are relatively thin and their parallel internal
surfaces 3‘! and 38, merge into the internal sur
face of the arcuate portion 33 to de?ne a re
lieving face 39 inclined outwardly toward the
55 open face of the tool.
which would otherwise be created on the sides
of the tool andythat would tend to resist the to gel
passage of the tool through the stack of sheets.
This initial hole is made in a comparatively
simple and quick operation inasmuch as a thick
stack of sheets can be simultaneously drilled at
a comparatively rapid rate. And in the shearing 40
operation that takes place on the stack of paper,
are cut, move into the relief space and do not
impede the progress of the cutter so that opera
tion can be successfully performed on a stack 45
of paper sheets that may be a couple inches in
thickness. In spite of the thickness of the stack
of sheets operated upon, a comparatively smooth
edge is obtained, quite in contrast with the edge
that would be produced by a solid die forcing 50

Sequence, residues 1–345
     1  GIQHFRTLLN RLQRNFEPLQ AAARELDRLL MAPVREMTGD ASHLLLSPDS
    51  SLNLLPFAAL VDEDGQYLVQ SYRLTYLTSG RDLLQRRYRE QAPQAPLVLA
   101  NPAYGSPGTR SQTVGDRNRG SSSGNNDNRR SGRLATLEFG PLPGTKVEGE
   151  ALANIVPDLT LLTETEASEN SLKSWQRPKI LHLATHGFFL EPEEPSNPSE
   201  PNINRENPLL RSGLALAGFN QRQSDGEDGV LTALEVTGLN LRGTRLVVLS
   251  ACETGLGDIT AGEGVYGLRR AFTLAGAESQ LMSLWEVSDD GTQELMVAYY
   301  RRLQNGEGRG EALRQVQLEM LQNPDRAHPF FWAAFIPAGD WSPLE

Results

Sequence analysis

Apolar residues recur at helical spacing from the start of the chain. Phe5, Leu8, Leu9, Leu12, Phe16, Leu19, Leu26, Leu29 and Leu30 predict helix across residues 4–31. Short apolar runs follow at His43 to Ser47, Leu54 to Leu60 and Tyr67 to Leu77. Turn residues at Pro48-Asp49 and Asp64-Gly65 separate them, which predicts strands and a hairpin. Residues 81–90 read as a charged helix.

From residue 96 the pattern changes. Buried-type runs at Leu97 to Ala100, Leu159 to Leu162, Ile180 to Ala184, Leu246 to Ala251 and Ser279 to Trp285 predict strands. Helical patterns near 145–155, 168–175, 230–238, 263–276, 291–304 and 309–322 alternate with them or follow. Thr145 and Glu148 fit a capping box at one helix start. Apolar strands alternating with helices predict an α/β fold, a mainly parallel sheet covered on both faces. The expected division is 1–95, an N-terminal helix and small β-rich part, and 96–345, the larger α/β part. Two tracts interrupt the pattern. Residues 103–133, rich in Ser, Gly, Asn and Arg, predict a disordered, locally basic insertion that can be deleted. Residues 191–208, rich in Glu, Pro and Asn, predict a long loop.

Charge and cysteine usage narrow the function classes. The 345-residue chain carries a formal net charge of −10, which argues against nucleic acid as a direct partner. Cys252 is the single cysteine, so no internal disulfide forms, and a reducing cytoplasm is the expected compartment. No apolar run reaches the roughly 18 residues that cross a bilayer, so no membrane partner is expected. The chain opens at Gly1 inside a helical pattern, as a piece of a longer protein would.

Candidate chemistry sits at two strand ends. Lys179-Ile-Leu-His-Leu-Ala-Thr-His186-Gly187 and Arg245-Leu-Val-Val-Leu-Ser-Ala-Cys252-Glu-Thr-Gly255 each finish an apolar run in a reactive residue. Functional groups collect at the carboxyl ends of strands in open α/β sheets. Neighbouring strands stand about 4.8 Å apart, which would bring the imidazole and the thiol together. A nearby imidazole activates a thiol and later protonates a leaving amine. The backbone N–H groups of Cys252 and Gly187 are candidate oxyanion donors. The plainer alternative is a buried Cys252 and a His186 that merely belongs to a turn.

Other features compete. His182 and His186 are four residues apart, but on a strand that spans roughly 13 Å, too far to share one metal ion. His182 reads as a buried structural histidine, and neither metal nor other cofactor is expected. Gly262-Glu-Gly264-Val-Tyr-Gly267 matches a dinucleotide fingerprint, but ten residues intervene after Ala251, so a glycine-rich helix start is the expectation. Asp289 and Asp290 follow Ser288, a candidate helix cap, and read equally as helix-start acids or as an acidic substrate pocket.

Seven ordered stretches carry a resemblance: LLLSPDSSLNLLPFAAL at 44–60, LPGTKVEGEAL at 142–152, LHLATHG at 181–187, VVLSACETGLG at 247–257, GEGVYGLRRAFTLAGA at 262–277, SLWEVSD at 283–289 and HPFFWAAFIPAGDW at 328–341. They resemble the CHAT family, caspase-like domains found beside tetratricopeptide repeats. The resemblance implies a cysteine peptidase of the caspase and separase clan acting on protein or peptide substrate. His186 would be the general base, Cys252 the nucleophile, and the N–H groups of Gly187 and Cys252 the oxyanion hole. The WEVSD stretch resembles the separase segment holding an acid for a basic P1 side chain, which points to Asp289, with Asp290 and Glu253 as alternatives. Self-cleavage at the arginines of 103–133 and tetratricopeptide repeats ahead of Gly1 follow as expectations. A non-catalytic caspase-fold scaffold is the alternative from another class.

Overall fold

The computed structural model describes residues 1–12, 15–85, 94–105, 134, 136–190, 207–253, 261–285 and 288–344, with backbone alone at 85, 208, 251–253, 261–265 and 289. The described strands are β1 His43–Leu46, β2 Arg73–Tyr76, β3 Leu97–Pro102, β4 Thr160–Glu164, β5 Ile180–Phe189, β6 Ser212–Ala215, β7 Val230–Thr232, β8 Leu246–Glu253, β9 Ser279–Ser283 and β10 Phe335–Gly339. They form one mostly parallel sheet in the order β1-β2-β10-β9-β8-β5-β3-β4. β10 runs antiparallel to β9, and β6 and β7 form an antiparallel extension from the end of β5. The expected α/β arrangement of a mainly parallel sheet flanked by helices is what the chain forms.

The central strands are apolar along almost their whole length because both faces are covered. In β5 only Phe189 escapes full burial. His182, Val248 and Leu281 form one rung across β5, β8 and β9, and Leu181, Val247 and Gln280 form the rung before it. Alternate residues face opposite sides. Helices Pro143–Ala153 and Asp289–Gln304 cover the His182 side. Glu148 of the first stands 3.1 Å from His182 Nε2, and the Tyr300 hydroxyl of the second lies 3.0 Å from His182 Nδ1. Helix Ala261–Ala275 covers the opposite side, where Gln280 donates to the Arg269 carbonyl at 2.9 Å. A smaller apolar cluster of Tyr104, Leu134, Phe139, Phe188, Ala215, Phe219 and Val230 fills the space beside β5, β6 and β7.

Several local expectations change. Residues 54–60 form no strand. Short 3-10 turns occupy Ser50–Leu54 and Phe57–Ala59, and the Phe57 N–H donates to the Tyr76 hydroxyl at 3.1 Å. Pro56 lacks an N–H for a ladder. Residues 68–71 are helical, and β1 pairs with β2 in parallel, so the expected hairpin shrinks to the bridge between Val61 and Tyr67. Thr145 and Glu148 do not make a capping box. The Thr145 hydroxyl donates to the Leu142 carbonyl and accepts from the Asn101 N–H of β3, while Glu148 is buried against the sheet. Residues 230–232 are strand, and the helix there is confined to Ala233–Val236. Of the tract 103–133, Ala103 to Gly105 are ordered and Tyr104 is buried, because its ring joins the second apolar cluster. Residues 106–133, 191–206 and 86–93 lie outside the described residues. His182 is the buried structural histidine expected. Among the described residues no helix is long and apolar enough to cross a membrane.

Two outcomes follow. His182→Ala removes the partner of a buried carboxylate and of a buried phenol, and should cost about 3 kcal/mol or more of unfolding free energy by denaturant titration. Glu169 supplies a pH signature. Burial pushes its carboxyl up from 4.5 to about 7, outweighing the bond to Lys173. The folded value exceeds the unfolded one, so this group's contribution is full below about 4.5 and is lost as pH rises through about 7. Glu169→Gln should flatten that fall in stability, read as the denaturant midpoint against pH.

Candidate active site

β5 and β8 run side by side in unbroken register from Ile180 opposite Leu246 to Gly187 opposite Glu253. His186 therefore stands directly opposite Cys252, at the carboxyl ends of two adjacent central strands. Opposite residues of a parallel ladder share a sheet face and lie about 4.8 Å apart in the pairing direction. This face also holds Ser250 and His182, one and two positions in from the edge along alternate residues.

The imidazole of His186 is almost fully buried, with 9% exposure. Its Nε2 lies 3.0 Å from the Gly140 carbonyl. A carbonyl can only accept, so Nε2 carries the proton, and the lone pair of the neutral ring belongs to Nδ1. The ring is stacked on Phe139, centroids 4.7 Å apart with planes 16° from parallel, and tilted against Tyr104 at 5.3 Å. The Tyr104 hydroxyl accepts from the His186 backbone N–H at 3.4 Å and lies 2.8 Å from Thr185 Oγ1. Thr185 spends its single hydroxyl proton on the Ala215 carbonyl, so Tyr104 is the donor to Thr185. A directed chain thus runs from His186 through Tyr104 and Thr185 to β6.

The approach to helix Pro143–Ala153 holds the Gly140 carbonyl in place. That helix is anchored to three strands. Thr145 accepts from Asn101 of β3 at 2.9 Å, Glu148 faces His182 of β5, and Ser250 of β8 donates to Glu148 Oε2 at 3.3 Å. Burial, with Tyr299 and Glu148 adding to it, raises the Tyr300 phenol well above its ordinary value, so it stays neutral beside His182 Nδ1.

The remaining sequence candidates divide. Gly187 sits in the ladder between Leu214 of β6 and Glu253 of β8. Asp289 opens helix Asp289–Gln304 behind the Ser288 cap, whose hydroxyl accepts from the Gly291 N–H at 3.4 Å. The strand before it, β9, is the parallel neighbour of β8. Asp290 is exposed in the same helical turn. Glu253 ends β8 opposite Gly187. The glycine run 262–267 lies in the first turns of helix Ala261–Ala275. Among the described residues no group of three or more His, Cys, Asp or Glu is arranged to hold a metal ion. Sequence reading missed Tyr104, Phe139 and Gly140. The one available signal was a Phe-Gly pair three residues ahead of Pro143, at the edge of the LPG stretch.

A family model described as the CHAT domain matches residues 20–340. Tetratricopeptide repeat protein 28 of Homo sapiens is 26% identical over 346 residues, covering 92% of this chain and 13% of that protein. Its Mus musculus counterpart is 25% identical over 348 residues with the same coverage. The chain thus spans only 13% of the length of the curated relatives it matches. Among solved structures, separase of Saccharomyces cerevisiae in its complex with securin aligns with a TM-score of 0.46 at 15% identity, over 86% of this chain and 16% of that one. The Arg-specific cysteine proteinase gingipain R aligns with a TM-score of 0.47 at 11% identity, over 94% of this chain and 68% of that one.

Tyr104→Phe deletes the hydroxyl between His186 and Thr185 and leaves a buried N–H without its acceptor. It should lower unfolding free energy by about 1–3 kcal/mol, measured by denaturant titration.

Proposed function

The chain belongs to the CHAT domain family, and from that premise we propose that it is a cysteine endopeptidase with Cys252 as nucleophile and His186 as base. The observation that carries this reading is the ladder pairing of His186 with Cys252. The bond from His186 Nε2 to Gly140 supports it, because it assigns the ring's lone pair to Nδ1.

its way by sheer pressure through a stack of
sheets and mashing out the notches of the lower
sheets of paper by the pressure created on the
sheet above. In the shearing operation of the
present invention, the cutting edge of the tool
Considering now the method employed in form
ing a marginal aperture in a stack of sheets of
paper. Let it be assumed that the con?guration
has cut its way entirely through the thick stack.
desired is that indicated by the broken line 6
60 in Fig. 8. A part of the stock within the out
plurality of apertures, the lateral guides 2| and
line 6 of the aperture to be formed is ?rst re
moved from a thick stack of sheets.
While a
suitable punching operation may be satisfactory,
in this speci?c instance the hole is made by
65 drilling, a drill of such diameter being used as
to form the hole 1.
From an examinatioin of
Fig. 8 it will be evident that the drill will func
tion to remove a su?icient proportion of the stock
within the con?nes of the outline 6 to insure
70 relief of the tool utilized in the ?nal aperture
forming operation.
The hole 1, having been drilled or punched,
the machine head is ?tted with a cutting tool
of a contour corresponding with that of the
aperture desired. In the illustrative embodiment
contacts with one sheet after another until it
In operations involving the formation of a
22 are ?xed in positions where they may be mu